When I think about these kinds of transactional emails I like to take a worst-case-scenario approach. I assume that this is the last contact that I’ll ever have with the customer. When I paint it in this light, the importance of getting it right becomes more obvious. I know that if I don’t leave them with a good taste in their mouth it will be so much more difficult to earn their repeat business down the road.
Here’s the lessons that I’ve learned.
- Treat every interaction as if it’s your last. Otherwise it may be.
- Your customer’s time is precious and distractions are plentiful.
- You don’t control the conversation. Let your customers say what they want to or they will find a channel where they can.
- When you limit length, recognize that you may also be limiting the ability to effectively communicate. Use the privilege only when absolutely necessary otherwise your feedback may become so abbreviated it has a stunted feel.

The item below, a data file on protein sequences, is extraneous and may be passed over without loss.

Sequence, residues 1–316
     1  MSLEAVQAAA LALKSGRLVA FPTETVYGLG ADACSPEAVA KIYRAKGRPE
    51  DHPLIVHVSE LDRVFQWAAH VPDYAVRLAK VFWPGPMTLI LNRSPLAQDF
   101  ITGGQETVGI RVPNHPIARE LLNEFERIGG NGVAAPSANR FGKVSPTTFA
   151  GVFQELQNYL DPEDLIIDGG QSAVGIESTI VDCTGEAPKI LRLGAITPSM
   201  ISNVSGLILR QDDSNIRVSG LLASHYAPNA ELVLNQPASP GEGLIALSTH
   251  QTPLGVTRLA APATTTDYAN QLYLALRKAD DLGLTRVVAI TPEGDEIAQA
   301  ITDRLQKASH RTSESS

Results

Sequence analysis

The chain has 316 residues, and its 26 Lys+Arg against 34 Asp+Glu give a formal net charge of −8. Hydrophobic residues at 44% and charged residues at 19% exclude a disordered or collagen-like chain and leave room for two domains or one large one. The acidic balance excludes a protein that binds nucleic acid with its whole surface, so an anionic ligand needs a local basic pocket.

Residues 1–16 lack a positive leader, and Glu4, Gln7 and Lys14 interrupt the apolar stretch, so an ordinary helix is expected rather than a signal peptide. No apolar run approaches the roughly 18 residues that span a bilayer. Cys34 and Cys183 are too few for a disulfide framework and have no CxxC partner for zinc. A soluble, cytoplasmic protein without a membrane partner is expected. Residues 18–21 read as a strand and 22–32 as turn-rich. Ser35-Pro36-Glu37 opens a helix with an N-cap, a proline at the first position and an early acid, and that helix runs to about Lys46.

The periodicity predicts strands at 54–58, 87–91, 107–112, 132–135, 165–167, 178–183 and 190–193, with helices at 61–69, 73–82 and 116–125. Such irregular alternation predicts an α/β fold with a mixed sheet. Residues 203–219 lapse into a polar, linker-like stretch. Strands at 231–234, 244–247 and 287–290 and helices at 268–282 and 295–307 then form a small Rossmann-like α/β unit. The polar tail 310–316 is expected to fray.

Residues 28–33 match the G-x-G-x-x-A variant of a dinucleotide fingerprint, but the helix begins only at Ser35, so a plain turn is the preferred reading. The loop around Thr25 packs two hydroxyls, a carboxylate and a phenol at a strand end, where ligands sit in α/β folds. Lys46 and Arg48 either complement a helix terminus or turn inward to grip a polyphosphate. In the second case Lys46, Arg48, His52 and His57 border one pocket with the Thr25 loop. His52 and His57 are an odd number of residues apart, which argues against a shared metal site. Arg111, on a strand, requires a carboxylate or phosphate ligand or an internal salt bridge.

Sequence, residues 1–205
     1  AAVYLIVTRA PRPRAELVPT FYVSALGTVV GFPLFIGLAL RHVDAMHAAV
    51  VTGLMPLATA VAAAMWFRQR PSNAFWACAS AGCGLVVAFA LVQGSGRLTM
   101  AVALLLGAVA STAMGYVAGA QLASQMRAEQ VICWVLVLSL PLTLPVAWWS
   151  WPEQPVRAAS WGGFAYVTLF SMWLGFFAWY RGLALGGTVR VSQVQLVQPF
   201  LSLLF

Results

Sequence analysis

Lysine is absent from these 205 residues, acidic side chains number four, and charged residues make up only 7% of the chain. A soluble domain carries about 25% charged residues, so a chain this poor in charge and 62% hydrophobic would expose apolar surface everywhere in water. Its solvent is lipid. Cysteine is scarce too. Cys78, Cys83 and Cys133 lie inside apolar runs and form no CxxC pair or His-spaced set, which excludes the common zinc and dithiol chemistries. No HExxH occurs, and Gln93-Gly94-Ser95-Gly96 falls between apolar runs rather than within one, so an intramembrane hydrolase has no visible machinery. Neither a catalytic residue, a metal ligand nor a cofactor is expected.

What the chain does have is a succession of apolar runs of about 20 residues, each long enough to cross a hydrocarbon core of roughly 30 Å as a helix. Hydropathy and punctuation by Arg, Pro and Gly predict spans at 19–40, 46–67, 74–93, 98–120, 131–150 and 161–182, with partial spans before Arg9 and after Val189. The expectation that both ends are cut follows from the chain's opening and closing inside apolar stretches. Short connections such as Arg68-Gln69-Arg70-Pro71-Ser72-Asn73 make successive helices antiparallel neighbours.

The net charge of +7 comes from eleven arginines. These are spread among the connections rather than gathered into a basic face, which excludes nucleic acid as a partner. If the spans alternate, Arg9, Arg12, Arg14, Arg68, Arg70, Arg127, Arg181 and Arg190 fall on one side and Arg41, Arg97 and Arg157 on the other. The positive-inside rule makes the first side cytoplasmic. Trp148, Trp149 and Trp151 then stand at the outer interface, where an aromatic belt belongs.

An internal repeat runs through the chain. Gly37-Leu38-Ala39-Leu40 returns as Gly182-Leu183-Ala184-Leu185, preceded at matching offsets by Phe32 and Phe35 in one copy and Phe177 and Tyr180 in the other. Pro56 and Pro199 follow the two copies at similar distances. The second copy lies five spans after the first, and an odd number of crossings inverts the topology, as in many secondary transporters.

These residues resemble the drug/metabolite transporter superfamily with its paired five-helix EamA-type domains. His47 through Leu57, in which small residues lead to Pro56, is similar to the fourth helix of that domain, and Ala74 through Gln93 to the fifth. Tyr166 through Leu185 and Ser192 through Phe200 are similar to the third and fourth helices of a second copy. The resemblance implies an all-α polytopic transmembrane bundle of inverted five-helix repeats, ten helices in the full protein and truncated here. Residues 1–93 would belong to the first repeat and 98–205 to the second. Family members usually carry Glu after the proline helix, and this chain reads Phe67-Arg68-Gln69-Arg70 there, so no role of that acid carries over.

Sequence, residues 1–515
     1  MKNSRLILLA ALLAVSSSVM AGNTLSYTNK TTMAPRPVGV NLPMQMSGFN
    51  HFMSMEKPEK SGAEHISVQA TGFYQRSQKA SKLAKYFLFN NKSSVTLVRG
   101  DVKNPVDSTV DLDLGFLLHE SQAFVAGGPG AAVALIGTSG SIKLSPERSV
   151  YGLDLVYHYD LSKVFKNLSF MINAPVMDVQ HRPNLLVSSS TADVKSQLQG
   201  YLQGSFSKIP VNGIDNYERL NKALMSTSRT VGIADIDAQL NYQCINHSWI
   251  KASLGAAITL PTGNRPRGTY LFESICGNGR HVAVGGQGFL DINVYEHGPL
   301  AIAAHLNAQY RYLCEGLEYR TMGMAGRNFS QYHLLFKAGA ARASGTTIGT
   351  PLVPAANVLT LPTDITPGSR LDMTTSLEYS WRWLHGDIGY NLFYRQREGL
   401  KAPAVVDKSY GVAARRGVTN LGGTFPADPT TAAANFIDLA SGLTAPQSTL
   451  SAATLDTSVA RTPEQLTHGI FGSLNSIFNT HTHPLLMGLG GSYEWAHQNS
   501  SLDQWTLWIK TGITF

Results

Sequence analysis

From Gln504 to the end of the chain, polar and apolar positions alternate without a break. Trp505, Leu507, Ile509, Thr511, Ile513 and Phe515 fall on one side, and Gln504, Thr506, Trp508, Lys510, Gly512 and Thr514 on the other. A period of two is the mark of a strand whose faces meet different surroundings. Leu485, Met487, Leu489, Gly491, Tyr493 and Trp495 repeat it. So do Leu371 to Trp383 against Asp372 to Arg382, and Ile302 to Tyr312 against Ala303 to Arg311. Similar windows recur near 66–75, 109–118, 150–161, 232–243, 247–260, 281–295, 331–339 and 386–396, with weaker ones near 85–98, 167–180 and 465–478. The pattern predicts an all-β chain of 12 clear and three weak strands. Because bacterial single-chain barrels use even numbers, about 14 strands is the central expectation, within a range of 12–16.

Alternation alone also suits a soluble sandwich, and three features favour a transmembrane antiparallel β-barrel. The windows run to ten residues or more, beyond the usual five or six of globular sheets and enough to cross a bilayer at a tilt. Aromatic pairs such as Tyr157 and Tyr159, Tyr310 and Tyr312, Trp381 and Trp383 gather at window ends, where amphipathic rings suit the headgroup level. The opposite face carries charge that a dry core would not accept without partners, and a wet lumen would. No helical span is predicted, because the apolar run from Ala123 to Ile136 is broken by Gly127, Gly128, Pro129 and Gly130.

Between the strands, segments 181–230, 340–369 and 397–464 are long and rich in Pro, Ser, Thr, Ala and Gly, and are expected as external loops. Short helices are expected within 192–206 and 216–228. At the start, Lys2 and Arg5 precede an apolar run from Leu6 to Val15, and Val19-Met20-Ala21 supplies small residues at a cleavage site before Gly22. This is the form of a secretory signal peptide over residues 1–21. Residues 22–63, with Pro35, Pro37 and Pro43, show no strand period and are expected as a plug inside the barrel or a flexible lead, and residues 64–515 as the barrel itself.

@manifestphil Yikes! This is a great point! Do you mind e-mailing firstname.lastname@example.org — we promise there's no character limit there 😉
— Choice Hotels (@ChoiceHotels) February 1, 2016
There were some positive aspects to this interaction. I sent a quick tweet to @choicehotels when I had the issue. Their social media team was quick to respond and gave an e-mail address to send concerns to. I sent that address a message and their response was courteous and prompt. I also got a moment to think about the sites that I’ve developed and have already schedule a review of a couple of the older ones.
In conclusion my fellow netizens and marketing attuned friends; pay attention to those post-sale interactions. Ask yourselves if you should even try to control the conversation on your website or whether the free exchange of information and ideas is more important to your brand. If you’re using survey and e-mail marketing software to automatically send messages, go through them yourselves and put yourself in your customer’s shoes the entire way.
Remember that somewhere out there, there is certainly a marketing-obsessed web nerd who probably thinks too much about things as simple as transactional emails.